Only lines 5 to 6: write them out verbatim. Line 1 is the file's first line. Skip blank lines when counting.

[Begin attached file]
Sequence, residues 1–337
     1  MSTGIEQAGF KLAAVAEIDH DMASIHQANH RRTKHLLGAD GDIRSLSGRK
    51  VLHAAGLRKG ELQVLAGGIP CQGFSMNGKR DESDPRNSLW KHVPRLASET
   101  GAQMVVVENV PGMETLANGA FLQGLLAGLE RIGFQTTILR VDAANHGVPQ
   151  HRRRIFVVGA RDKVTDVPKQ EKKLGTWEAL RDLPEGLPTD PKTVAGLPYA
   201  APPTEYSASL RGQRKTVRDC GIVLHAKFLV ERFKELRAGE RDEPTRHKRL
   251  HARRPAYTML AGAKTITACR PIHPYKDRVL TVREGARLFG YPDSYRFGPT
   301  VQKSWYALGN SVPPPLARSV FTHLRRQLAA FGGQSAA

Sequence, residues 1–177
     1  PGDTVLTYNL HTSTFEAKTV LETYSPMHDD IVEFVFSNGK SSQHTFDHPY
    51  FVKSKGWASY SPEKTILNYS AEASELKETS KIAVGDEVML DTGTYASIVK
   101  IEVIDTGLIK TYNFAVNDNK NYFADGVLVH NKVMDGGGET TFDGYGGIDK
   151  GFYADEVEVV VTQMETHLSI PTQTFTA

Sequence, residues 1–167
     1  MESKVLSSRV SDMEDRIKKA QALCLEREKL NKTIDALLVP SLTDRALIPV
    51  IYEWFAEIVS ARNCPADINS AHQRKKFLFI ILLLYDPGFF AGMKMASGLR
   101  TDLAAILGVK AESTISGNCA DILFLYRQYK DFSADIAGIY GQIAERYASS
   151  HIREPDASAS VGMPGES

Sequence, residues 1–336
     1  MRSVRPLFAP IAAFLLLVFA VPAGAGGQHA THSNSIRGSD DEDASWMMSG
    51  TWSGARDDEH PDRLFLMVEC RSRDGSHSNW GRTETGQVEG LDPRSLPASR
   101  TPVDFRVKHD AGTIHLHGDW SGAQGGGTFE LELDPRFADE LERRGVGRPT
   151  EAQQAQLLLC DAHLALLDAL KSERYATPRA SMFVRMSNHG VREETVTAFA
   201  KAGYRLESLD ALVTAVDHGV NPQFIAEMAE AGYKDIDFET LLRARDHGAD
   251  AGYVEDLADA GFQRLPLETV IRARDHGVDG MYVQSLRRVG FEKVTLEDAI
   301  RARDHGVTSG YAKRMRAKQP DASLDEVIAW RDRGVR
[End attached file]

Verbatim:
   151  HRRRIFVVGA RDKVTDVPKQ EKKLGTWEAL RDLPEGLPTD PKTVAGLPYA
   201  APPTEYSASL RGQRKTVRDC GIVLHAKFLV ERFKELRAGE RDEPTRHKRL